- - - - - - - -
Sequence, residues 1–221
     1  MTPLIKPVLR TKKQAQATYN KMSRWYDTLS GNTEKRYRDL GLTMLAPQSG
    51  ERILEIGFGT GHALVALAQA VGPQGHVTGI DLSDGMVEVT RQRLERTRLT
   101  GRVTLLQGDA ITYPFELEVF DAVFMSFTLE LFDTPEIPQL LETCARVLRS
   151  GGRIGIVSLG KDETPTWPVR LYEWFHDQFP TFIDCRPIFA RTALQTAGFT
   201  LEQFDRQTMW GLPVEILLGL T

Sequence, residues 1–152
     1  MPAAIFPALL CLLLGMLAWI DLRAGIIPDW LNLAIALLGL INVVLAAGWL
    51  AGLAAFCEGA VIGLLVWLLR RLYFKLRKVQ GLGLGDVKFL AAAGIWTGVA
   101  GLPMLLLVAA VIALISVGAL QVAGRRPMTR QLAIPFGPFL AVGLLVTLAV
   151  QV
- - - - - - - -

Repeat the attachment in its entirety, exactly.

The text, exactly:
Sequence, residues 1–221
     1  MTPLIKPVLR TKKQAQATYN KMSRWYDTLS GNTEKRYRDL GLTMLAPQSG
    51  ERILEIGFGT GHALVALAQA VGPQGHVTGI DLSDGMVEVT RQRLERTRLT
   101  GRVTLLQGDA ITYPFELEVF DAVFMSFTLE LFDTPEIPQL LETCARVLRS
   151  GGRIGIVSLG KDETPTWPVR LYEWFHDQFP TFIDCRPIFA RTALQTAGFT
   201  LEQFDRQTMW GLPVEILLGL T

Sequence, residues 1–152
     1  MPAAIFPALL CLLLGMLAWI DLRAGIIPDW LNLAIALLGL INVVLAAGWL
    51  AGLAAFCEGA VIGLLVWLLR RLYFKLRKVQ GLGLGDVKFL AAAGIWTGVA
   101  GLPMLLLVAA VIALISVGAL QVAGRRPMTR QLAIPFGPFL AVGLLVTLAV
   151  QV